I. E.: After struggling with Lyme disease.
What was the hardest thing you went through in life and how did you get past it?
Like I said at the beginning, this is one of the toughest things I have ever gone through, yet it taught me about life.
I also have to reflect that this experience, though bad, makes me realize just how lucky I am. Many people have gone through much, much worse (if you want some perspective on how good you have it, read this holocaust survivor’s experience:)
I took away found main lessons and continue to reflect on these in all aspects of my life:
- Real confidence comes from embracing vulnerability: Life was pretty good for me growing up. I didn’t really face any true challenges. When I was experiencing pain, I saw myself as somewhat of a failure. After all, “Real men don’t cry.” That was bullshit. I didn’t realize anything close to real confidence and courage until I embraced vulnerability.
- Real relationships are built on sharing when things aren’t so great: Being in a state of suffering gave me two choices: share or hold it inside. At first, I chose the latter but eventually had no choice but to learn how to open up and share to people “I feel like crap.” The blog really helped with this and gave people an avenue to ask me how it was going. It was shocking to find that this didn’t bother people and that they stood by my side. Before being sick I spent too much time protecting other people from my feelings. Though, I am a relatively positive person, I made the mistake of thinking people only wanted positivist from me. I realized that great friends and relationships are about standing by people in good times and bad and I realized how many I had once I showed them my pain.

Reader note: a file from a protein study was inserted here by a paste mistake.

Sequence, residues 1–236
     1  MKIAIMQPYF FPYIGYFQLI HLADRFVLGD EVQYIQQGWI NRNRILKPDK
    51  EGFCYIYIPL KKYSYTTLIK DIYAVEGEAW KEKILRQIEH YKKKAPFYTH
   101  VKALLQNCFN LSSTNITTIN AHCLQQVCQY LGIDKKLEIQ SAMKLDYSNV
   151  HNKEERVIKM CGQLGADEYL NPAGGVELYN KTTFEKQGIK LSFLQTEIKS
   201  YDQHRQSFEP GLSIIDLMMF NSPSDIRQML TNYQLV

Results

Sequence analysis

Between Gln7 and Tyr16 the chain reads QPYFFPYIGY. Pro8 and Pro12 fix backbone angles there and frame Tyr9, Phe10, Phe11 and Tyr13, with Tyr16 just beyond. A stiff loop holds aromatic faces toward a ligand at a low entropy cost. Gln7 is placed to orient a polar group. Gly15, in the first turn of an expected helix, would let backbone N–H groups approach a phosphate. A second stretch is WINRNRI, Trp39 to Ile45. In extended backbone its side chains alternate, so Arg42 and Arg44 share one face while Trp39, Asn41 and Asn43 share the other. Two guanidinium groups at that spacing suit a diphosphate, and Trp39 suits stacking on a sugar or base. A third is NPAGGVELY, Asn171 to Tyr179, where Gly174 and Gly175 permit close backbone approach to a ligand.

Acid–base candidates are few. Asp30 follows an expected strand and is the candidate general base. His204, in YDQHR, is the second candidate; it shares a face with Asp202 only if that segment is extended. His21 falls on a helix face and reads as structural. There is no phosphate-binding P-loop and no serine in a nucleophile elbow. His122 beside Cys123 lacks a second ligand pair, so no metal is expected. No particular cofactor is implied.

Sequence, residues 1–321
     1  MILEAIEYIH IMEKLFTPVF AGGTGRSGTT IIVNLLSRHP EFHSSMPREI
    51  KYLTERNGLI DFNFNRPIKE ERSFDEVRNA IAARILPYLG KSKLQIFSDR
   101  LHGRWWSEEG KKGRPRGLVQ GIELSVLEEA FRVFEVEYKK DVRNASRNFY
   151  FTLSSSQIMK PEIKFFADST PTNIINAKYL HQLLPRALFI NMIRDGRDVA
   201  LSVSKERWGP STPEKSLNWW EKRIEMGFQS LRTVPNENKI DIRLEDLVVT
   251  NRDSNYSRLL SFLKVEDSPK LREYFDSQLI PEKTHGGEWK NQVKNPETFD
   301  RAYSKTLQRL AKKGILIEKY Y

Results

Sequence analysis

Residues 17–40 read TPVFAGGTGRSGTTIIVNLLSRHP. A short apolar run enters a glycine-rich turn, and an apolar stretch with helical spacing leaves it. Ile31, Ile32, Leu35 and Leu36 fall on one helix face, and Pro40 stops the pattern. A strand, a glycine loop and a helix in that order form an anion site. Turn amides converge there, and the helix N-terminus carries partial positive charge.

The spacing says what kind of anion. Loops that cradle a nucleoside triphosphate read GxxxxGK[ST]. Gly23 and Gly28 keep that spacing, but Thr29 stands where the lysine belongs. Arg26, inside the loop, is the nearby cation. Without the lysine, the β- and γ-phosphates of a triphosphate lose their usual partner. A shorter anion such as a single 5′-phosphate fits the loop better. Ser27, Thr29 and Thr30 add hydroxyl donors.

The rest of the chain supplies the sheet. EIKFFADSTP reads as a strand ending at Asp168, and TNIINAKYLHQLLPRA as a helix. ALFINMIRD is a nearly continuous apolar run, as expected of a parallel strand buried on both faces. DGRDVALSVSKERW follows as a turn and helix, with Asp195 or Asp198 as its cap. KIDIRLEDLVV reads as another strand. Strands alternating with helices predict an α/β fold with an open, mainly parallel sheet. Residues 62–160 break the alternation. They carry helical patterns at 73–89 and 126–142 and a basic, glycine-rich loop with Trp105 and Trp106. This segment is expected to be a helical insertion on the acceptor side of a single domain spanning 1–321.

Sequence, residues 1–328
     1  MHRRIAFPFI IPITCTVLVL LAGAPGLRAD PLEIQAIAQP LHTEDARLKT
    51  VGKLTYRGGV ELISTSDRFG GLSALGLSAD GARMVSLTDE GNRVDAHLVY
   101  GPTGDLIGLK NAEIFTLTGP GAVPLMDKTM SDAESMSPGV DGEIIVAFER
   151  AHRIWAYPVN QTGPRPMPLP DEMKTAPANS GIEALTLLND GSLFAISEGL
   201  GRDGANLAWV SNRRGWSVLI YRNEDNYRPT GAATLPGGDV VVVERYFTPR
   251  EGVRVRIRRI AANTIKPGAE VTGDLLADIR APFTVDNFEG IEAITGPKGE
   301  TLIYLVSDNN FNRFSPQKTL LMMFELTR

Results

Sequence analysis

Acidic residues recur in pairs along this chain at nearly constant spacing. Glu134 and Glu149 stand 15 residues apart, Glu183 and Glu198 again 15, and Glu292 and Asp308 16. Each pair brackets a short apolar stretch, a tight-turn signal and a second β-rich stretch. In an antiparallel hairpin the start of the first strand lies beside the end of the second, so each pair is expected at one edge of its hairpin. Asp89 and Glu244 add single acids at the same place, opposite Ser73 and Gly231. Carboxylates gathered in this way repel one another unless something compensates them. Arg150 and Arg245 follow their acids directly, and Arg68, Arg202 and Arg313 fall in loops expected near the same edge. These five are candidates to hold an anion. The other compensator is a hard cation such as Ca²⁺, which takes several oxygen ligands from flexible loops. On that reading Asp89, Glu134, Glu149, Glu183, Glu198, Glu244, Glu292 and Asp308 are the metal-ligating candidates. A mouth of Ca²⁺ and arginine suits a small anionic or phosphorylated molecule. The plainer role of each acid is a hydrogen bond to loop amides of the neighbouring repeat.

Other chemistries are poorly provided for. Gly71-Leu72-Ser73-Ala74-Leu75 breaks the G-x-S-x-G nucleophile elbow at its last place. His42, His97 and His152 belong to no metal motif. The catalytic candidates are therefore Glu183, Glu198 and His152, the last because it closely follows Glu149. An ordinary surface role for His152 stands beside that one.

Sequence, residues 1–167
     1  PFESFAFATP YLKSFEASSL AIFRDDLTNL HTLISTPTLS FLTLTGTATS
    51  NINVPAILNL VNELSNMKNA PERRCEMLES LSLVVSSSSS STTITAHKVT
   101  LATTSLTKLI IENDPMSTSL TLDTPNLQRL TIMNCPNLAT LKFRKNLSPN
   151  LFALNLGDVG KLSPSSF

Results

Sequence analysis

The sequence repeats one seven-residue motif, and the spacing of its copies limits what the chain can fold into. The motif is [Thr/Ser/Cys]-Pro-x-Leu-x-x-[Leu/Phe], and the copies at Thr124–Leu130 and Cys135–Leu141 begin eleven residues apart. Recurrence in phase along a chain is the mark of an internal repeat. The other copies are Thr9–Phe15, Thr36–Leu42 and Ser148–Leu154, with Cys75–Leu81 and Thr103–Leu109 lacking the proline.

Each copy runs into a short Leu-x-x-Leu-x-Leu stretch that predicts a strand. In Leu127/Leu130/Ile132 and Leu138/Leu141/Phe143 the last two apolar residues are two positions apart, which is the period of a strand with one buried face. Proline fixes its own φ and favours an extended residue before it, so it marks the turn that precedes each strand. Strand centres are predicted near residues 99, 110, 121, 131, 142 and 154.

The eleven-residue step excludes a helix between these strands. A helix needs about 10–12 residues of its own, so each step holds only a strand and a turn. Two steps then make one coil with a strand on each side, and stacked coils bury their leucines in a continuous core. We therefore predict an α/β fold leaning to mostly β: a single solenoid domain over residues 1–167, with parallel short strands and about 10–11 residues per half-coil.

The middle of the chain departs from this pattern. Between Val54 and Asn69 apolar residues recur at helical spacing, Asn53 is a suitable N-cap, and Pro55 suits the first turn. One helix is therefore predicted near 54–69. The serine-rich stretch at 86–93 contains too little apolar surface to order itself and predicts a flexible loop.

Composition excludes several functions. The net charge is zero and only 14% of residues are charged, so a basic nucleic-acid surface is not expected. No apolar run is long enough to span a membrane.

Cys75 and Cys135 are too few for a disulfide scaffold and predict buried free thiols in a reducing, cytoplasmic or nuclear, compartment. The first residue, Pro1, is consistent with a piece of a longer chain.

- Living in the present is the only option: It is easy to spend time thinking about the future or dwelling on the past – but those that only leads to more anxiety. This is never more true than when you are sick. You always lose when comparing yourself to a healthier, ideal past self. Similarly, when you worry about a future of potential continued suffering, you spend more time in your head than living life. When I learned to embrace a recovery mindset, I could move forward into a new and better future, one day at a time.
- Losing it all is not that bad: We spend so much time worrying about “failure” that we lose sight of the things that matter. Whether it is a job, a relationship or material things, losing things is ultimately, not that bad. I had lost my health temporarily and had to slow my career trajectory a bit. At the time this really stressed me out. However, just the process of going through the feeling of tremendous loss, made me realize – I can deal with this! It has helped shift how I think about risk. For example, at work I can take risks, try new things and pursue things I am passionate about instead of trying to fit in and being scared of being fired. In relationships, I can invest in others without worrying about protecting their feelings or losing the relationship. I can live authentically and honestly, which actually helps pull people closer. By thinking I lost it all, I know its not that bad. At the end of the day I still have great people in my life, which is really all that matters.